TRANS-ATLANTIC AI GUIDELINES PROGRESS: With the White House publishing its long-awaited Blueprint for an A.I. Bill of Rights, U.S. and EU leaders will now be able to compare and align approaches at the next EU-U.S. Trade and Technology Council in early December. Officials expect to publish a “joint roadmap on AI evaluation and measurement tools for trustworthy A.I. and risk management,” according to a leaked document obtained by POLITICO.

The White House is pushing for a non-binding and transparency-focused approach, asking for algorithm owners to explain how they operate, and giving algorithm users complaint mechanisms. The European Commission is pushing a legally binding A.I. Liability Directive that would give European A.I. users the ability to file class-action lawsuits.

LAUGH OR CRY? DUBAI IS TRACKING ITS “GROSS METAVERSE PRODUCT”: The metric is said by ministers to include tourism, retail, real estate and government services, and Dubai is aiming to build a $4 billion industry by 2030. Is that a sign of a massive number of ticket sales from virtual experiences of games, museums and heritage sites — or a clever PR stunt shouting that Dubai represents the future? They jury’s out.

AWARDED:Sviatlana Tsikhanouskaya, leader of the Belarusian democratic movement, received an International Trailblazer Award from Georgetown University, Thursday, at the U.S. Ambassador’s residence in Paris.

DIPLOMAT DISCRIMINATION: In an internal survey of more than 8,600 foreign service officers and civil servants at the State Department, 44 percent of respondents reported experiencing discrimination, and 27 percent reported experiencing harassment, the Wall Street Journal’s Jessica Donati reported.

Global Insider has previously reported on State’s systemic diversity problems.

DULLES CONNECTION: It’s really happening — the D.C. silver line Metro extension to Dulles Airport is in a test phase and will likely open to passengers in November.

ELECTION CYCLE: Democrats Abroad in Belgium are conducting a cycling tour across Belgium to urge U.S. citizens to register to vote and return their ballots for the midterm elections. Today they’re traveling between regional centers Liege and Leuven, before hitting Brussels on Saturday.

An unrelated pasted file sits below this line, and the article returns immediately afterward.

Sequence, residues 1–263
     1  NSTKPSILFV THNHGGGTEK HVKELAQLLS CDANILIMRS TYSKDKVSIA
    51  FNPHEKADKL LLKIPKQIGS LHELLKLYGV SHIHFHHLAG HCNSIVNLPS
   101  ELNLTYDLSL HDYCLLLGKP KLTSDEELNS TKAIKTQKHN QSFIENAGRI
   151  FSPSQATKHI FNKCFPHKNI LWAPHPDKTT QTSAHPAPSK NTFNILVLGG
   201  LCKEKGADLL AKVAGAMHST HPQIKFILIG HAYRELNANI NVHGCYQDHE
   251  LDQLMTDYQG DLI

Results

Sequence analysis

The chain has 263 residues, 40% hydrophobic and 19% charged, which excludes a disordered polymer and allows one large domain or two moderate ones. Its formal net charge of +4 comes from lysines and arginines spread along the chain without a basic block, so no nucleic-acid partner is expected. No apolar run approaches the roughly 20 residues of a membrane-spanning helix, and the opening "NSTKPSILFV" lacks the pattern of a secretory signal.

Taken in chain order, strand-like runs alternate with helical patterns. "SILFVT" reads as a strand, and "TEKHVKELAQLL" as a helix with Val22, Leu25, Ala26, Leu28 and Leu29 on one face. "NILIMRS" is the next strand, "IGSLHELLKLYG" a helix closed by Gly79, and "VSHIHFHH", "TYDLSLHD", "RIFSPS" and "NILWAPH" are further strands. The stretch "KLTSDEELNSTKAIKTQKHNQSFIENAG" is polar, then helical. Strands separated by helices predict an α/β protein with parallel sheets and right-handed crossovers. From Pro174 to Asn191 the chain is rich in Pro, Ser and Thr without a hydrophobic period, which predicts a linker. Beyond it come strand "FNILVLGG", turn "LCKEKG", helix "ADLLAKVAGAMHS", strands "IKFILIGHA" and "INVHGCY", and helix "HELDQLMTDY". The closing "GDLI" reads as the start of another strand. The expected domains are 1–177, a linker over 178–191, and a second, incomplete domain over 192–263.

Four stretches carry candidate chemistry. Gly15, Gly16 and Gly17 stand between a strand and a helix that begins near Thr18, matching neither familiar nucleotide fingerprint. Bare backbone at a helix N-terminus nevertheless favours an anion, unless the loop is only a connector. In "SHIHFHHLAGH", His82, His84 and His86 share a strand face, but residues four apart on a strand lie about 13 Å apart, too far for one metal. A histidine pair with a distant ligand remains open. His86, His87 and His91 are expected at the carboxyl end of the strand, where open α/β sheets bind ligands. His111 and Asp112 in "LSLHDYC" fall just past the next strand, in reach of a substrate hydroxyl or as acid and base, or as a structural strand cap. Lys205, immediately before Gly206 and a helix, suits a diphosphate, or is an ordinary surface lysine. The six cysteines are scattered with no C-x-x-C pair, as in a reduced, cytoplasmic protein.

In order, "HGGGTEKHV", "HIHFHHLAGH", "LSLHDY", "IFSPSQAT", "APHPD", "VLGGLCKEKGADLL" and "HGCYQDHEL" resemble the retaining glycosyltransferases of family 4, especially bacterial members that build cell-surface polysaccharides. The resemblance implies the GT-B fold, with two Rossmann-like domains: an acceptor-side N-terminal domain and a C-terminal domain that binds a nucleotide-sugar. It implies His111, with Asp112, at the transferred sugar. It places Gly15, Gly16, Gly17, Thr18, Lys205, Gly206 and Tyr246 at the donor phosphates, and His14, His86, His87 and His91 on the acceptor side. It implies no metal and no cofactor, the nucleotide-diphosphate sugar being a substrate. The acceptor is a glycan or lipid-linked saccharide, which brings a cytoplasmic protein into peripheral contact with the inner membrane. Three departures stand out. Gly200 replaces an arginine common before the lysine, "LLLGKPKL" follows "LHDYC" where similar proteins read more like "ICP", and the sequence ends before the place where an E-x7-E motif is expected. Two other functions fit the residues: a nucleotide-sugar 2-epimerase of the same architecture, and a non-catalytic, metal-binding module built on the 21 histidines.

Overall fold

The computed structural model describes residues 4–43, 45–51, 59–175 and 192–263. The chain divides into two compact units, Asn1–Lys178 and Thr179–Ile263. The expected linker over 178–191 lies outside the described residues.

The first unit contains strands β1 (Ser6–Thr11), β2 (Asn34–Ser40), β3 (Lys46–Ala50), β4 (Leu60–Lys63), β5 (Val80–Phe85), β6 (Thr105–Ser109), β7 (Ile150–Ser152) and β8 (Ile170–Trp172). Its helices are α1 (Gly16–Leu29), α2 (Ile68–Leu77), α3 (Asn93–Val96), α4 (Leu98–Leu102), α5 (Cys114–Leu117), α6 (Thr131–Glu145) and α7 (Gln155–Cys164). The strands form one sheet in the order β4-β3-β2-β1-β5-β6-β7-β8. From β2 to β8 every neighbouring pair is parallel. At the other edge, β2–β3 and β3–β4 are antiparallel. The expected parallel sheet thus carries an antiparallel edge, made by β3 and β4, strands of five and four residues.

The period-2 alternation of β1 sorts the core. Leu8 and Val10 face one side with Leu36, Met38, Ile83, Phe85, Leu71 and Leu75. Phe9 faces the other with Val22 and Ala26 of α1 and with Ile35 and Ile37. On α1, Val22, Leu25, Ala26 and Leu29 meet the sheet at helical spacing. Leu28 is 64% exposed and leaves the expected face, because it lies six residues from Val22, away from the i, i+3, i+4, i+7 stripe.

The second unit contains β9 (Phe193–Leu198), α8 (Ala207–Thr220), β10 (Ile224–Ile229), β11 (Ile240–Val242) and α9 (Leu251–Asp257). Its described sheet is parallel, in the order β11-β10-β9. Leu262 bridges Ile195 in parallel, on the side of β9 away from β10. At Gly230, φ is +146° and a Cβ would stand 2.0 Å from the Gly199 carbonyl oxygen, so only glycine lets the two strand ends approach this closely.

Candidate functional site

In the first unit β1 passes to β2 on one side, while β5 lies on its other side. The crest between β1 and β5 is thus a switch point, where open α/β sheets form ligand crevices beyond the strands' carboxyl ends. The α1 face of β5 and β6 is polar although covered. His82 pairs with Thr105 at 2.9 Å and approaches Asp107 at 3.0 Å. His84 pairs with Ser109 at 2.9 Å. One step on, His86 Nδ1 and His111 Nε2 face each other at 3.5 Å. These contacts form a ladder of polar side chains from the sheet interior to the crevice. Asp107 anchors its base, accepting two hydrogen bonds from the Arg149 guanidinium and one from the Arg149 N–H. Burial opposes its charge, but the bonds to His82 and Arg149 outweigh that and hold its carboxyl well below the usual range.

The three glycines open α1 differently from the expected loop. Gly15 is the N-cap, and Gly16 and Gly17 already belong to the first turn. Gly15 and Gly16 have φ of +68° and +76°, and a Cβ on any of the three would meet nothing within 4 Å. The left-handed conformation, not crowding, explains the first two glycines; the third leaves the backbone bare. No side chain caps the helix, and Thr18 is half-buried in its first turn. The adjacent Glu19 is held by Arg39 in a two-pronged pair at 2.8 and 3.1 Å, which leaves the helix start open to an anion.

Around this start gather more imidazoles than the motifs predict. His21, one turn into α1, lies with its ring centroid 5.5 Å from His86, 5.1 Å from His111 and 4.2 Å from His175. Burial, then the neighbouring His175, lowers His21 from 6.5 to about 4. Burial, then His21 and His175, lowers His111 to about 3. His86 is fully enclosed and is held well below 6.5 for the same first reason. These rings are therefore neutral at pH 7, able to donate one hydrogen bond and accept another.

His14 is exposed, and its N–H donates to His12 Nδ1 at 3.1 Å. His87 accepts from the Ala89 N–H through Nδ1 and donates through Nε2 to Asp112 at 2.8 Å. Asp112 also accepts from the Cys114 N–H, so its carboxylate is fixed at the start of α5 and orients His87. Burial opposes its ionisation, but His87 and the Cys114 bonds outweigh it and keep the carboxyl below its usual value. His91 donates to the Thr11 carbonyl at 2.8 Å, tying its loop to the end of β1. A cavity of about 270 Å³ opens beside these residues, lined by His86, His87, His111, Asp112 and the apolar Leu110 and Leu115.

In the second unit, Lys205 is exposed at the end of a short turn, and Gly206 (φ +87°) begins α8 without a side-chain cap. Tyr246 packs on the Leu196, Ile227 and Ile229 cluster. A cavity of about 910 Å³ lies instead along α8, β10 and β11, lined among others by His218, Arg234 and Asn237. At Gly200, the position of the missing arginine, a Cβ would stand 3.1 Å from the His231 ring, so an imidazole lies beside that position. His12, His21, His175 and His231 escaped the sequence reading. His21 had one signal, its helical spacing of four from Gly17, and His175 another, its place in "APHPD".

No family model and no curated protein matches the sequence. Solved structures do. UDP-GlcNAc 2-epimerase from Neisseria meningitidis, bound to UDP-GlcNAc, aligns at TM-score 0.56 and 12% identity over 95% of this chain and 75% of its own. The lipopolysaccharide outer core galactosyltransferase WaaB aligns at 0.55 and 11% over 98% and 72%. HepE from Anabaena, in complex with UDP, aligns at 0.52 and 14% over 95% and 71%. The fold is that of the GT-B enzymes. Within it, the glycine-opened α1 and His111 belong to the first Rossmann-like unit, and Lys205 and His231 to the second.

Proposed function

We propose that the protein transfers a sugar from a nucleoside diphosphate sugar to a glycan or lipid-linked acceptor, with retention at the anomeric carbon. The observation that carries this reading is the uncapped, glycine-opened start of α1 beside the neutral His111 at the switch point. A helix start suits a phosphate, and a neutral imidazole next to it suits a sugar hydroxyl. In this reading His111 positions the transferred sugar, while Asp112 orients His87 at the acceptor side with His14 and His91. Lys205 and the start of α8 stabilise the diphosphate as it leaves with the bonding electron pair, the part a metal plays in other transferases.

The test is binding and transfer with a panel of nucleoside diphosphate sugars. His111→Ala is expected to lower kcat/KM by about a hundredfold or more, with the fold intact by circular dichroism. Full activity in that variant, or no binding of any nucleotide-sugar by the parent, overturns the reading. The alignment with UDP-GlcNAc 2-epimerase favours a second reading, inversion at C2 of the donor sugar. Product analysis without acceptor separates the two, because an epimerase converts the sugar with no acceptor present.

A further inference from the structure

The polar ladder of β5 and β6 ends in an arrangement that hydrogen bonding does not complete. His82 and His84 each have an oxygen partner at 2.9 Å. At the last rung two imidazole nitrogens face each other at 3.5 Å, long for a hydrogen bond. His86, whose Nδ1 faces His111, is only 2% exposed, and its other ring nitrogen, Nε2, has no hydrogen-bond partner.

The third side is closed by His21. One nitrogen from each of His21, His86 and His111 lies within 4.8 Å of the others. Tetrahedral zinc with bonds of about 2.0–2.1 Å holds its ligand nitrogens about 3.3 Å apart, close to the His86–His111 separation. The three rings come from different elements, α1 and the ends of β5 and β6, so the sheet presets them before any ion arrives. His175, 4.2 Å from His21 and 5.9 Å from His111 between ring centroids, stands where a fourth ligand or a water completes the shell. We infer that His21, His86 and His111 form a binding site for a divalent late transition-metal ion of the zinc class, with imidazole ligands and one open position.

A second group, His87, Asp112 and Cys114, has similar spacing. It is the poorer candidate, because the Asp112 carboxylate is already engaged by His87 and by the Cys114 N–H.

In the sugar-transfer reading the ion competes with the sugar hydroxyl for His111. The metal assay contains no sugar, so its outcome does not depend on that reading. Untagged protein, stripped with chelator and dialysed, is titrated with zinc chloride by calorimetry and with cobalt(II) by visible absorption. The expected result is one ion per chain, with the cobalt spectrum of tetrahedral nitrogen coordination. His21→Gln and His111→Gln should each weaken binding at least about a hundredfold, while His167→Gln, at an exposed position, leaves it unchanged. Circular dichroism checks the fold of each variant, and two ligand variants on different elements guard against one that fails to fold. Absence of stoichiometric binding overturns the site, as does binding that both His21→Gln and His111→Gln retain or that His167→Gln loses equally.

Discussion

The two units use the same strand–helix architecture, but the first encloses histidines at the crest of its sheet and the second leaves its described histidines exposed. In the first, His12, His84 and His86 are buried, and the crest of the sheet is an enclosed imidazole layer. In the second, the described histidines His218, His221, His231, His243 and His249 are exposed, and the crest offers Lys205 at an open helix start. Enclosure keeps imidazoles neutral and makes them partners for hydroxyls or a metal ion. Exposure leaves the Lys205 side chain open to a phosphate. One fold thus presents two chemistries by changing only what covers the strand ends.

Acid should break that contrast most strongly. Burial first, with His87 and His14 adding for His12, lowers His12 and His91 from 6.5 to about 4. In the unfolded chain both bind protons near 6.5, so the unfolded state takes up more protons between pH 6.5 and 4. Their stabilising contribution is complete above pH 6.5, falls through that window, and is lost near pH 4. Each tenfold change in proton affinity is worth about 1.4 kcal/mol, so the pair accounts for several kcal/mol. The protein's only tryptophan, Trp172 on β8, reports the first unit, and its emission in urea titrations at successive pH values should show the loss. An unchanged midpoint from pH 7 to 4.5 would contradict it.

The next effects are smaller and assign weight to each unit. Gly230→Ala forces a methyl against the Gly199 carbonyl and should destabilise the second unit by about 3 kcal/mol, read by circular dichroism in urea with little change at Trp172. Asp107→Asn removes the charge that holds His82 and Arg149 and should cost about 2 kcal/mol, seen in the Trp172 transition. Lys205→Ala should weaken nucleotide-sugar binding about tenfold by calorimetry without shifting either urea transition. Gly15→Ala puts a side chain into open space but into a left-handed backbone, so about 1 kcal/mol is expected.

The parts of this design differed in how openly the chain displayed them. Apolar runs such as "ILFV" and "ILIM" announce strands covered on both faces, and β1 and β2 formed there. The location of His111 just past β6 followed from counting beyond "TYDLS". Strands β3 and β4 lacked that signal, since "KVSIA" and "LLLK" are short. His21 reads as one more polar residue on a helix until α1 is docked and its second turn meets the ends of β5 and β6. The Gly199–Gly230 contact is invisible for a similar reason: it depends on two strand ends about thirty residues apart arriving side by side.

John Bauters, the mayor of Emeryville, Calif., also has the cycling bug: He’s in the Netherlands studying local “sustainable mobility” policies, and spoke to POLITICO’s Aitor Hernández-Morales about the uphill battle to get Americans out of their cars.


WHITE HOUSE: Monica Gorman has taken over Liz Reynolds’ role at the National Economic Council and is now the special assistant to the president for manufacturing and industrial policy.

COUNCIL OF THE EUROPEAN UNION: A new secretary general for the body that convenes European national leaders and ministers may be announced today. My colleague Jacopo Barigazzi’s phone has been blowing up with diplomats’ reactions ever since the publication this week of his story on Thérèse Blanchet, the new frontrunner candidate. Her rival for the job is French Ambassador to the EU Philippe Léglise-Costa.

LONG READ:It’s time to reinvent Florida, again, argues Cynthia Barnett. Hurricane Ian is a signal that it’s time for a more sustainable future.


Josh Rogin is asking some very uncomfortable questions of Washington, including: “What if getting paid to lobby for the United States’ enemies — who happen to be the world’s worst tyrants — were no longer allowed?”

That’s the goal of a new Stop Helping Adversaries Manipulate Everything Act, proposed by Reps. Steve Cohen (D-Tenn.), Joe Wilson (R-S.C.), Jim Banks (R-Ind.) and Elissa Slotkin (D-Mich.). Groups from Transparency International to former United Nations ambassador Nikki Haley’s advocacy group Stand for America are supporting the bill.

Today all that’s required is disclosure. While that’s more than is required in most democratic jurisdictions globally, it’s a fairly low ethical bar.

After all, why should dictators stealing their people’s money get to spend it on former members of Congress and other officials lobbying for their interests? Rogin says the current rules don’t work anyway, and that free speech arguments in favor of allowing current practices are weak.

Big lobbying firms such as BGR, Squire Patton Boggs, the Glover Park Group, Mercury Public Affairs and others have taken millions from Russian and Chinese entities trying to navigate or avoid sanctions. Some have gotten out of the game since Russia’s latest invasion of Ukraine.

Thanks to editor Mike Zapler, Mark Scott, Jakob Hanke Vela, Vincent Manancourt and producer Hannah Farrow.